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Thread: SE, SER Service and Feeder Ampacity

  1. #1
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    SE, SER Service and Feeder Ampacity

    I have viewed many forums and no one can seem to put this issue to bed. The revised 310.15(B)(7) seemed to try, but there seems to still be the grey area in regard to accessory buildings of a dwelling unit such as garages, pole buildings, pool houses that are FED with FEEDERS from a dwelling unit.

    What is the ampacity rating requirement for these conductors in question?? I'm not really interested in what many incompetent inspectors will pass. I want to know what the intent of the code is on this issue.

    Although its not common practice in our trade, as an electrician i feel like I should be installing 4/0 copper SER for a 200 amp sub-panel; fed from and through a dwelling; going to a detached structure; based on the 60 degree column in 310.15(B)(16) (4/0 Copper SE/SER rated at 195 amps at 60 degrees) because its not main power feeder, and because of article 338.10. I also wonder if you start under the 60 degree column with the SER under that premise, would you not have to continue that sizing when you converted wiring methods to go underground outside the dwelling going to the same detached structure based on the 60 degree rating even though THHN has a 90 degree rating.

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    Let's start with which code cycle you're referring to. 2017?

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    All responses based on the 2014 NEC unless otherwise noted

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    Well I see they did get rid of the statement allowed for conductors of feeders need not be larger than service entrance conductors.

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    Well I am in Indiana which is still one of the last states to carve out parts of the NEC related to ARC fault breakers, tamper resistance receptacles etc; but mostly operating under the 2008 code cycle. However, I like to keep up with the codes intent and usually go above and beyond what the code's minimum requirement is if its cost permissive. Most of the AHJs in my area will allow newer code cycle recommendations and newer printed language that clears up any ambiguity.

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    Under the 2008 code, Article 310.15(B)(6) states that service and feeders shall be permitted, and includes all loads that are part of, or associated with the dwelling unit. Table 310.15(B)(6) indicates that 2/0 CU or 4/0 AL is acceptable for a 200 amp service. As an inspector, this is what I accept if a detached structure is fed from the dwelling service. If there is a load center (farm load service) that has separate disconnects for a dwelling and detached structure, then I feel that Table 310.16 kicks in and it requires 3/0 copper for the service conductor or 250 AL. Maybe I am interpreting this wrong, but that is how I read it. 4/0 CU is allowable, but exceeds what is allowable by these sections. Hopefully I am understanding you question correctly.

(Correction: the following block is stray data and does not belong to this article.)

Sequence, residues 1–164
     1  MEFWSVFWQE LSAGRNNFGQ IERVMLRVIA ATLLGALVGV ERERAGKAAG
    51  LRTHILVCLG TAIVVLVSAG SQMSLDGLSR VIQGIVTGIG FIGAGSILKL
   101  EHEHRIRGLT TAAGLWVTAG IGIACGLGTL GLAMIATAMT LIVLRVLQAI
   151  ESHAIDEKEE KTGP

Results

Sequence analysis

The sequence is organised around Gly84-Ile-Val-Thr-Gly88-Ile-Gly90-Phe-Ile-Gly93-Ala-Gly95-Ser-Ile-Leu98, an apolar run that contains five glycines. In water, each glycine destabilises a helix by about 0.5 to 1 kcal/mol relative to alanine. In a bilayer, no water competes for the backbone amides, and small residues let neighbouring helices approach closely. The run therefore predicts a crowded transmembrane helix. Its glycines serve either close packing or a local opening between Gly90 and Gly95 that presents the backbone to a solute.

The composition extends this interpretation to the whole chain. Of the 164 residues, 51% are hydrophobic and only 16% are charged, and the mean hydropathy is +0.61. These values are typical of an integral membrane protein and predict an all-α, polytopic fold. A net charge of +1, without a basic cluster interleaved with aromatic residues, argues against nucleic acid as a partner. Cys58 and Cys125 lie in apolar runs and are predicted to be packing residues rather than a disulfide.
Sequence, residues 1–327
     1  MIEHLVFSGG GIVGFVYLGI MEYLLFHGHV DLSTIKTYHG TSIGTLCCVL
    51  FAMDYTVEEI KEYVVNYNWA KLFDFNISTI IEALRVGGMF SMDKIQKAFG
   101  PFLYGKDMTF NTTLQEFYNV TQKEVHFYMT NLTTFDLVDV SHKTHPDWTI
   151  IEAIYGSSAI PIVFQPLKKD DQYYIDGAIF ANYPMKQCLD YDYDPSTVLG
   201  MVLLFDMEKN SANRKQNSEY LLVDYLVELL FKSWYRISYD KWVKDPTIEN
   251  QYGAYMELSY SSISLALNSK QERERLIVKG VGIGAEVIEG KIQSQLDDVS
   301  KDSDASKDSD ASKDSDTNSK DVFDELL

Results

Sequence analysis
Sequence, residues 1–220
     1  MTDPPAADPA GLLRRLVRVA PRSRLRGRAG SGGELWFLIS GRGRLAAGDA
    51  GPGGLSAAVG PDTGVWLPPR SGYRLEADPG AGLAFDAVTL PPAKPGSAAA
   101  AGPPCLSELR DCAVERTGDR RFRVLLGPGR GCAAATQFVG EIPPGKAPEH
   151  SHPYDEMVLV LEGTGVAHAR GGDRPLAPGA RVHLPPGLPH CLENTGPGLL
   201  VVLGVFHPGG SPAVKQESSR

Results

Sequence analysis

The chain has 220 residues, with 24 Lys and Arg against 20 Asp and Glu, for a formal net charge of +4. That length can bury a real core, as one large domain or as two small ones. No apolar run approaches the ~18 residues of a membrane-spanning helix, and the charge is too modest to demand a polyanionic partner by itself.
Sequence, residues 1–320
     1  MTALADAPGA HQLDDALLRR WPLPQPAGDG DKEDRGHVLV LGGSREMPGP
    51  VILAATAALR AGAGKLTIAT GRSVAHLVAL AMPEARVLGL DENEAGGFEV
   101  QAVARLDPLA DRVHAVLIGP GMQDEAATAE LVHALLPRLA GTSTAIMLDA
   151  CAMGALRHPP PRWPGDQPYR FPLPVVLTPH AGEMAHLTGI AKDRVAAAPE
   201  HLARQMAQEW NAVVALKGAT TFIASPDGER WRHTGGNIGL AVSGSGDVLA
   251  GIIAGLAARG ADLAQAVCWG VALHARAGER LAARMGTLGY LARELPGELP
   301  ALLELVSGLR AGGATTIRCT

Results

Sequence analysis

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    The reduction in ampacity is for dwelling units not for detached structures such as garages, shed, work shops etc. Those structures need to be fed using the table in 310.15(B16)
    They say I shot a man named Gray and took his wife to Italy
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    Ser is another issue. The ampacity of these conductors have changed many times thru many cycles. Best thing to do is use pvc and install 4/0 aluminum for 200 amps.

    In conduit, these conductors are rated 180 amps and since 240.4(B) allows us to use the next size breaker it is compliant. We do, however, have to make sure the calculated load is 180 amps or less.
    They say I shot a man named Gray and took his wife to Italy
    She inherited a million bucks and when she died it came to me
    I can't help it if I'm lucky



  8. #8
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    Indiana doesn't require TR receptacles? Interesting... Makes fixing aluminum wiring a lot easier I suppose... if the poster coppersmith is from there I owe him an apology

    Welcome to The Forum

    Eta: although quite uncommon, if you were to switch to thwn conductors and go underground, those conductors could be used at the 90-degree table if you used 90 degree connectors, like Polaris, when connecting them to your other cables.
    Last edited by JFletcher; 04-17-18 at 07:37 AM.
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